Alan Stoddard
Born22 August 1915
Died1 November 2002

Alan Stoddard (22 August 1915 – 1 November 2002) was a British osteopath and vegetarianism activist.


Stoddard was born in Hale, Cheshire on August 22 1915.[1][2] He was educated at the British School of Osteopathy and qualified in 1935. He set up his own practice at Herne Hill.[1] He studied medicine at King's College London where he qualified MD in 1942 and joined the Royal Navy as a merchant ship doctor in Middlesbrough.[1]

Stoddard became a teacher at the British School of Osteopathy and one of several doctors in the United Kingdom with dual qualifications.[1] He was an appointed consultant at Brook Green Hospital. He offered his patients a mixture of conventional and osteopathic treatment which was unusual at the time. He worked for the National Health Service for 30 years and in private practice at Harley Street.[1] He authored his MD thesis on osteochondrosis of the spine but it was never submitted as he had lost it on a train. He authored two textbooks on osteopathy and his book The Back: Relief from Pain was translated into eight languages. He has been cited as playing a major role in the growth of osteopathy in the 20th century.[1]

Stoddard was chairman of the Osteopathic Medical Association.[3] In 1969, Stoddard's book Manual Of Osteopathic Practice was criticized by D. A. H. Yates in The British Medical Journal for inaccuracies relating to physiology.[4] H. A. Burt in a review for Rheumatology commented that "one gets the impression that the author is trying too hard to justify the use of manipulative procedures, this is quite unnecessary in someone of his repute in this field".[5]

Stoddard was known for pioneering an osteopathic manipulation technique for chronic lumbar disc prolapse under general anaesthesia.[1] In 1973, Stoddard and James Cyriax were invited to speak about the use of spinal manipulation in rehabilitation for the British Orthopaedic Association.[6]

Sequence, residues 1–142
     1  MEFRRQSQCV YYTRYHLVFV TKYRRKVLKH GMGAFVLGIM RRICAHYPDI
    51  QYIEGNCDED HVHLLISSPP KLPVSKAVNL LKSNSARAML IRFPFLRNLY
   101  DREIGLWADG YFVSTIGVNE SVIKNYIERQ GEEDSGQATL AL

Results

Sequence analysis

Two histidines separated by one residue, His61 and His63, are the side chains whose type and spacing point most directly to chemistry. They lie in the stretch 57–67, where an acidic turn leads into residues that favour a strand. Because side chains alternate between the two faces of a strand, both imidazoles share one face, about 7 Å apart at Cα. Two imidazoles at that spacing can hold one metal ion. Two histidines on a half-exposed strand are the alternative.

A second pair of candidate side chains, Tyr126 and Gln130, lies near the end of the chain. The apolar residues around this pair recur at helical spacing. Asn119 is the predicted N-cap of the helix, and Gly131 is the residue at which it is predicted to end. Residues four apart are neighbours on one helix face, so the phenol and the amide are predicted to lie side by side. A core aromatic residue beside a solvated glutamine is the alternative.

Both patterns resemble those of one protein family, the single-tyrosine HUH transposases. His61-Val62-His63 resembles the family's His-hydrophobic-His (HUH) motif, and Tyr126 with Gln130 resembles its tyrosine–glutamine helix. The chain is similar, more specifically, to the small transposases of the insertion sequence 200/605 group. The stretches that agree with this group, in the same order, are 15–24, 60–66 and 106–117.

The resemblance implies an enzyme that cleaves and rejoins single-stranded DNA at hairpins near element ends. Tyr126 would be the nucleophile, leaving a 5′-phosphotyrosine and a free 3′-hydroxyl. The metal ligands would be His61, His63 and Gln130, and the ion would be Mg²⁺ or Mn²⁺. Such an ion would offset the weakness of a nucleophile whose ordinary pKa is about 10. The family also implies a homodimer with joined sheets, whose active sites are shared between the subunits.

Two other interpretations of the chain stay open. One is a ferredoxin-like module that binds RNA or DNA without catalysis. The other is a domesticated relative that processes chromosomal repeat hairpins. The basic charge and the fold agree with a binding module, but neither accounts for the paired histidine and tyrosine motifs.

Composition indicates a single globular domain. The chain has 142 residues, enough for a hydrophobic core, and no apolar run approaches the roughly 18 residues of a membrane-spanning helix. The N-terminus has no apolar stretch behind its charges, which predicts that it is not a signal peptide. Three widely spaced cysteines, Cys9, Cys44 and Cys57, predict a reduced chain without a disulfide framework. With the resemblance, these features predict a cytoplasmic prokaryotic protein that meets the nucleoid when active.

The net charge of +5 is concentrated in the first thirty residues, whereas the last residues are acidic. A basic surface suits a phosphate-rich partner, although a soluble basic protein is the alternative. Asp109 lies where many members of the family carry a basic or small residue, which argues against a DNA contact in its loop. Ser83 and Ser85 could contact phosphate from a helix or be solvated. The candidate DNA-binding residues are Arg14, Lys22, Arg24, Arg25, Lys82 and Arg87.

Stoddard was a lifelong vegetarian and was invited to travel to India by the Vegetarian Society in the 1950s.[1] He attended the 18th World Vegetarian Congress in 1965 and was a speaker at the 25th World Vegetarian Congress in 1979.[7][8] Stoddard was President of Croydon Vegetarian Society which merged with Caterham District Vegetarian Society in 1958 to become East Surrey Vegetarian Society.[9]

He was chairman of Plantmilk Ltd, a society that was founded to produce plant milk alternatives to dairy.[10] In the 1960s, Plantmilk was made from a mixture of soy, cabbage leaves, cane sugar with fortified calcium, Vitamin B12 and Vitamin D.[11] The cabbage leaves were put into an apparatus known as a "food tec" with sharp blades to divide it into tiny pieces. Water would then be added and the chlorophyll would be separated from the protein by the use of charcoal.[11] The fluid would then be heated to precipitate the protein and would be concentrated to form a "curd". A small amount of starch would be added from soy protein isolate and all the ingredients would be placed in a mixer and then de-aerated and finally homogenized.[11]

Plantmilk cost twice as much as cow's milk but lasted longer and was described as twice as strong.[12] In 1966, Stoddard commented that "the combination of leaf protein and soya protein contain the complete range of known amino-acids, and we are satisfied that Plantmilk alone would sustain healthy life from the protein point of view".[11]

Selected publications


  1. ^ a b c d e f g h Flint I, Hague S. (2002). "Alan Stoddard". The BMJ. 325 (7375): 1305. doi:10.1136/bmj.325.7375.1305. JSTOR 25453048. PMC 1124763.
  2. ^ "Lives in Brief". Retrieved 28 January 2024.
  3. ^ Bledisloe; Stoddard, Alan; Davidson, John H.; Carson, M. E. B. (1961). "Osteopathic Medical Association". The British Medical Journal. 2 (5258): 1027. doi:10.1136/bmj.2.5258.1027. JSTOR 20355146. S2CID 56201571.
  4. ^ Yates, D. A. H. (1969). "Reviewed Work: Manual Of Osteopathic Practice by Alan Stoddard". The British Medical Journal. 4 (5683): 610. doi:10.1136/bmj.4.5683.610. JSTOR 20378711. S2CID 71631126.
  5. ^ Burt, H. A. (1970). "Alan Stoddard, Manual of Osteopathic Practice". Rheumatology. 10 (6): 299. doi:10.1093/rheumatology/X.6.299-a.
  6. ^ Pettman E. (2007). "A History of Manipulative Therapy". Journal of Manual & Manipulative Therapy. 15 (3): 165–174. doi:10.1179/106698107790819873. PMC 2565620. PMID 19066664.
  7. ^ "18th World Vegetarian Congress 1965". Retrieved 28 January 2024.
  8. ^ 25th World Vegetarian Congress 1979. Retrieved 28 January 2024.
  9. ^ Vegetarian Societies Join Forces. The Advertiser (May 23, 1958). p. 6
  10. ^ Shurtleff, William; Aoyagi, Akiko. (2015). History of Soybeans and Soyfoods in the United Kingdom and Ireland (1613-2015): Extensively Annotated Bibliography and Sourcebook. Soyinfo Center. p. 933. ISBN 978-1928914761
  11. ^ a b c d Shurtleff, William; Aoyagi, Akiko. (2022). History of Vegetarianism and Veganism Worldwide (1970-2022): Extensively Annotated Bibliography and Sourcebook. Soyinfo Center. p. 1219. ISBN 978-1948436748
  12. ^ Plantmilk Twice as Strong. The Birmingham Post (September 1, 1965). p. 5